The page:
The curriculum milestone assesses implementation of DEI principles within the curricular content, such as the use of judgment-free terminology, social determinants of health (SDOH), and inclusion of antiracism content. The evaluation milestone assesses programs’ efforts to remove bias and increase objectivity within the promotion process along with inclusion of evaluation of residents’ ability to assess SDOH impact. The institutional milestone assesses the sponsoring institution’s integration with the community, hiring practices, and DEI policies and their application. The two pathways milestones for resident and faculty personnel, respectively, assess the programs’ recruitment, mentorship, and retention processes for residents and faculty. The full milestone framework has previously been described in detail. 28

The AFMRD Diversity and Health Equity Committee, consisting of 11 members with extensive experience as residency program directors or associate program directors, convened and drafted the first iteration of the milestone framework. 28 This framework was presented to more than 400 family medicine residency leaders for feedback. After refining items based on their input to improve readability and content validity, the survey launched on March 21, 2022, and closed on June 20, 2022.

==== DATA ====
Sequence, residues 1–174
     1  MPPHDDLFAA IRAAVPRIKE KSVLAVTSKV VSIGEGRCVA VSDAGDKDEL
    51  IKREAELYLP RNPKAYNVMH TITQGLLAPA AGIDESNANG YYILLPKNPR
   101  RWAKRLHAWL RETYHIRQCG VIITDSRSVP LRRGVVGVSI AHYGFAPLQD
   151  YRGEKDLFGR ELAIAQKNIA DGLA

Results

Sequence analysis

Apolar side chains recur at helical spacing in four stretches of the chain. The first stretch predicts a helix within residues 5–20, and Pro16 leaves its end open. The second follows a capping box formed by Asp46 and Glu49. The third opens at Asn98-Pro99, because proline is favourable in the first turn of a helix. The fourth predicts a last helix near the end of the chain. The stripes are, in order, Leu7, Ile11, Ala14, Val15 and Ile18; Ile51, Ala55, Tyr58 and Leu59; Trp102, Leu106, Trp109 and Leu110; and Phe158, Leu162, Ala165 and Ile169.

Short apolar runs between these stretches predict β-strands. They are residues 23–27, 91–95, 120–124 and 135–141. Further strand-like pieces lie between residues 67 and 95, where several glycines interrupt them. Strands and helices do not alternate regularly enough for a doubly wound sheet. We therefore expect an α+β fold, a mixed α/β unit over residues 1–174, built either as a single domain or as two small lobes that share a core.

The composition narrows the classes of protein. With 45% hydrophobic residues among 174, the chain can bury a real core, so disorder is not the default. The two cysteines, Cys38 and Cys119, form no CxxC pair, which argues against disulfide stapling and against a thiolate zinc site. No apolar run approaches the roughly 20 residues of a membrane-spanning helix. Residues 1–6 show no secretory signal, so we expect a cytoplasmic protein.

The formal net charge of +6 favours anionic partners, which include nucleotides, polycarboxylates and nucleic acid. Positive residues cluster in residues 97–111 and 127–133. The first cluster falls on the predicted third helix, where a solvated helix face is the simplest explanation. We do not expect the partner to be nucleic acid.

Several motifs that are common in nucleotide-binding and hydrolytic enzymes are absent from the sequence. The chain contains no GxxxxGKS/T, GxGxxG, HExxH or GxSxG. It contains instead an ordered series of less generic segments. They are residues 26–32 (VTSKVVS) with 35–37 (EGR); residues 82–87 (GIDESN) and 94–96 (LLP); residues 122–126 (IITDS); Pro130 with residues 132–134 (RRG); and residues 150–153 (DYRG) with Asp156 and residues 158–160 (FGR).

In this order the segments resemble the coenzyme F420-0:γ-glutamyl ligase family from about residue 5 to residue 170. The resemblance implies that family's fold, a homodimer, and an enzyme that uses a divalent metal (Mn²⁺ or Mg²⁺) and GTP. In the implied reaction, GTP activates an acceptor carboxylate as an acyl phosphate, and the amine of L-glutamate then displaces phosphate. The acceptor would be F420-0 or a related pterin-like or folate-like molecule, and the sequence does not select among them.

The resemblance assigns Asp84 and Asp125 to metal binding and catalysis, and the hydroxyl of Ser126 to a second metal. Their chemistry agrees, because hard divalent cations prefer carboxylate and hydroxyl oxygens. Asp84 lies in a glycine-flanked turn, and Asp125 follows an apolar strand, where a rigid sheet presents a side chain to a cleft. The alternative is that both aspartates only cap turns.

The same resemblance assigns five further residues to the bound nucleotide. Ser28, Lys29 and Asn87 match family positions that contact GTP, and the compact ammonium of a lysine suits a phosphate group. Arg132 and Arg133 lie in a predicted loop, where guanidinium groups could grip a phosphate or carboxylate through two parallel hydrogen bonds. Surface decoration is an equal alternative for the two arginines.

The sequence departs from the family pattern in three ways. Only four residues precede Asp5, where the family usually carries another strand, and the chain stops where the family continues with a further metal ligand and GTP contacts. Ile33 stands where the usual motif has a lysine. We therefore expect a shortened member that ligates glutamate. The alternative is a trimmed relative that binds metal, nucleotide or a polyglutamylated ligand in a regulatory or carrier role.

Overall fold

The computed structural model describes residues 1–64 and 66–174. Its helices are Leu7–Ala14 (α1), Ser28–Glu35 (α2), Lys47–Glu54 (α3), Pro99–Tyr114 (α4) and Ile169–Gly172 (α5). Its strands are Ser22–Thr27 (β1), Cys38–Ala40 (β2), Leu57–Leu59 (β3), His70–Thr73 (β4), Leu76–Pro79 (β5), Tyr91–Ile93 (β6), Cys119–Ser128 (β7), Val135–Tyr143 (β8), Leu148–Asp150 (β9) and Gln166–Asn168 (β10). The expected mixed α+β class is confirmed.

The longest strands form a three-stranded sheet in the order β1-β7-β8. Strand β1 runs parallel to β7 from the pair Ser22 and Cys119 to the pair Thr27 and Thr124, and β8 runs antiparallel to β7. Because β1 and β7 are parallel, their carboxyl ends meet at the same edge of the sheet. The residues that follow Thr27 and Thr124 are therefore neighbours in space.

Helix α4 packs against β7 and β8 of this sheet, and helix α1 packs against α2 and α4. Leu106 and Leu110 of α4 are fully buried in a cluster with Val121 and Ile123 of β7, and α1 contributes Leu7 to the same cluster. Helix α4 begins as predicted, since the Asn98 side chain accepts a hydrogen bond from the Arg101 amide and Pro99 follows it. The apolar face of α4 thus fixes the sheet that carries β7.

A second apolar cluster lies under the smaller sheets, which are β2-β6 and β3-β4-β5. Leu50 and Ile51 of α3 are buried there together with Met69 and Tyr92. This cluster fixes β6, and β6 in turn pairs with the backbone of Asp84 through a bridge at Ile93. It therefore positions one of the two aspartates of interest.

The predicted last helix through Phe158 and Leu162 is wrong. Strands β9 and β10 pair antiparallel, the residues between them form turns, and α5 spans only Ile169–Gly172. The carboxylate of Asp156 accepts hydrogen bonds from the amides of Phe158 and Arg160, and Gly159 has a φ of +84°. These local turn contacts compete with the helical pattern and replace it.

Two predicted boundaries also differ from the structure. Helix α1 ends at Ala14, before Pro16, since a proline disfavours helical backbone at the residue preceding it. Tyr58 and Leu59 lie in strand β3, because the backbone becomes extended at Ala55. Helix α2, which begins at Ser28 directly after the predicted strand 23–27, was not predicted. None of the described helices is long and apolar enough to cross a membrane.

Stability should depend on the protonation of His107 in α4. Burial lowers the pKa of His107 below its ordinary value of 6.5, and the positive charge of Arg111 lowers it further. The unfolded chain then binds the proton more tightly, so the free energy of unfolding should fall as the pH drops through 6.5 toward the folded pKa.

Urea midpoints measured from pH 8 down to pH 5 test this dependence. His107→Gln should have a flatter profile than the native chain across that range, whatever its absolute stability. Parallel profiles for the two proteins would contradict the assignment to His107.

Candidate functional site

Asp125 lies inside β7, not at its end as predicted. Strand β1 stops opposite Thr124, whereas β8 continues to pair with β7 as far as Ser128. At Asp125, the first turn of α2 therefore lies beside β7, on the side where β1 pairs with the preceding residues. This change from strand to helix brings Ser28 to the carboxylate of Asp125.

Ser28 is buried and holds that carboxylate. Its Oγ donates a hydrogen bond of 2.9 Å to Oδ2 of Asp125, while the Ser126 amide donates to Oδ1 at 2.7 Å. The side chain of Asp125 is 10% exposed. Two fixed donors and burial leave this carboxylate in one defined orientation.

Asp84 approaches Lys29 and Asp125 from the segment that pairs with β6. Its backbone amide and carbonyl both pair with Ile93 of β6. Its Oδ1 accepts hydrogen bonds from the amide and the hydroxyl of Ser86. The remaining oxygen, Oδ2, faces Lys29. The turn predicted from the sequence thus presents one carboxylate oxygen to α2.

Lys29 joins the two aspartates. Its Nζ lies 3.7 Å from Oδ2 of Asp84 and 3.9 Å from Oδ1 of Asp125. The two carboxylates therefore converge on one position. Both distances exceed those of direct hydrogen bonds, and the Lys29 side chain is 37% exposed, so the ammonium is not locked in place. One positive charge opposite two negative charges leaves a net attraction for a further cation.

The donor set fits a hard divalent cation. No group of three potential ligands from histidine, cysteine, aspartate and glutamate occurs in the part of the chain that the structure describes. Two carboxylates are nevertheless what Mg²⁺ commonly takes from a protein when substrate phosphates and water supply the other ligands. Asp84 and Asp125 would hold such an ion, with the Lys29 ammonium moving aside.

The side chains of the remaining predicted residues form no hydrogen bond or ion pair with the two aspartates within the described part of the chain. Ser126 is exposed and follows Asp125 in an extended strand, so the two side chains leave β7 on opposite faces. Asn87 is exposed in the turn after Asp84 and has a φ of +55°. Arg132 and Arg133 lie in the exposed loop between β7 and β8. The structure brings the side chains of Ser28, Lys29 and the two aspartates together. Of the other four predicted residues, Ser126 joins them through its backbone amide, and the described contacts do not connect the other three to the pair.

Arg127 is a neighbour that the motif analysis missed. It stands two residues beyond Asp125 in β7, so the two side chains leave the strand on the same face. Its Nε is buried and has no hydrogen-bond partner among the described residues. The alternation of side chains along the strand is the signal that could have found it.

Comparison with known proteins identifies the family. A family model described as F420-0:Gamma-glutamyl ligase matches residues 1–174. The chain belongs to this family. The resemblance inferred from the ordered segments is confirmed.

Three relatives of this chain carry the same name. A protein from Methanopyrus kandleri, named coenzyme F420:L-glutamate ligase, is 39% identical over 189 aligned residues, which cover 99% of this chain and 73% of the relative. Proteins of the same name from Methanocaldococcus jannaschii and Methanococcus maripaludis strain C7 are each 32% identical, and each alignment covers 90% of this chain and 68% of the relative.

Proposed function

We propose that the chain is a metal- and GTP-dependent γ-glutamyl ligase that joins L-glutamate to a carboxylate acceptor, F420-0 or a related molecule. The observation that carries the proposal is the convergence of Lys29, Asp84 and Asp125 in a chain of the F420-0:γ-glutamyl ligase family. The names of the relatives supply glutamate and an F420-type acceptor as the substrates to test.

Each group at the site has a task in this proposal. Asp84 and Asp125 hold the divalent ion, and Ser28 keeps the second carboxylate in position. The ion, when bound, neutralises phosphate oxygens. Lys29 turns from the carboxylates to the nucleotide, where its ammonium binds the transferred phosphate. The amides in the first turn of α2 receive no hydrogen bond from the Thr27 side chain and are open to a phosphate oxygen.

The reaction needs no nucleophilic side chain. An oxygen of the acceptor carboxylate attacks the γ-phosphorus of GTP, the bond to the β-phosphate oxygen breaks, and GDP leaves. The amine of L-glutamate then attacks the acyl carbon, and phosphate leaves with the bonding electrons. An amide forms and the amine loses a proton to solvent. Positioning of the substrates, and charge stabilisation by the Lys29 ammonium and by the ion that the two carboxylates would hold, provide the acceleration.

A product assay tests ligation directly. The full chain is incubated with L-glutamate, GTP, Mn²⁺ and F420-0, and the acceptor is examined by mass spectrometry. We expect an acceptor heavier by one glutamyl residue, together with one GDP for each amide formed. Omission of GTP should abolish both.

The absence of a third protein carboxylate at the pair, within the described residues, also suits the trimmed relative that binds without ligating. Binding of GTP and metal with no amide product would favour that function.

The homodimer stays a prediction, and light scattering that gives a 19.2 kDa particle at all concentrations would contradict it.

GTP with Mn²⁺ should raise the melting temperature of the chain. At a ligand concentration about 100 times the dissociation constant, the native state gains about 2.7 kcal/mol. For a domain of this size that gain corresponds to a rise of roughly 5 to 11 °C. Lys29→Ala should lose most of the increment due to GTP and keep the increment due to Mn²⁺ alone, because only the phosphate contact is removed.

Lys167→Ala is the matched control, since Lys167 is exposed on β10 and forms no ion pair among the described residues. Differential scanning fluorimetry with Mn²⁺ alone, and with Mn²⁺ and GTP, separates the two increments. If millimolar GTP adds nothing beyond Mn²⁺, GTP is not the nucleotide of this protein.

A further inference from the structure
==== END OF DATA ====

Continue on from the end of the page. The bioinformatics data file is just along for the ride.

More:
Data Analysis

We generated descriptive statistics, including item frequencies, percentages, and cross-tabulations, for all survey items. Analysis of variance (ANOVA) and independent samples t tests were used for subgroup comparisons. Statistical analysis was performed using SPSS Version 28 for Windows (IBM Corp.). A P value of <.05 was determined to be statistically significant.

The American Academy of Family Physicians (AAFP) Institutional Review Board (IRB) reviewed and approved this project (protocol #22-432) on February 26, 2022.


Program Characteristics

Of 588 eligible program directors, 194 (33%) completed the survey. Respondents represented 48 states and US territories; additional characteristics of respondents’ residency programs are reported in Table 1.

Milestone Data

We calculated mean ratings (range 0.5–5.0) for all five DEI milestones (Figure 1). Overall, the curriculum milestone was rated the most advanced along the scoring rubric (mean=2.54, SD= 1.03), whereas the faculty pathway (mean=1.94, SD=1.04) and resident pathway (mean=2.02, SD=1.06) milestones were rated less advanced. The faculty and resident pathway milestones demonstrated the highest inter-item correlation (r=0.81, P<.01).

On average, the 100 programs with 25% or higher URiM residents reported significantly higher ratings on the curriculum (mean=2.71, SD=1.04, t[192]=–2.45, P=.02), faculty (mean=2.19, SD=1.02, t[192]=–3.51, P<.01), and resident (mean=2.26, SD=1.12, t[192]=–3.40, P<.01) pathway milestones compared to their counterparts with fewer URiM residents, as reported in Table 2.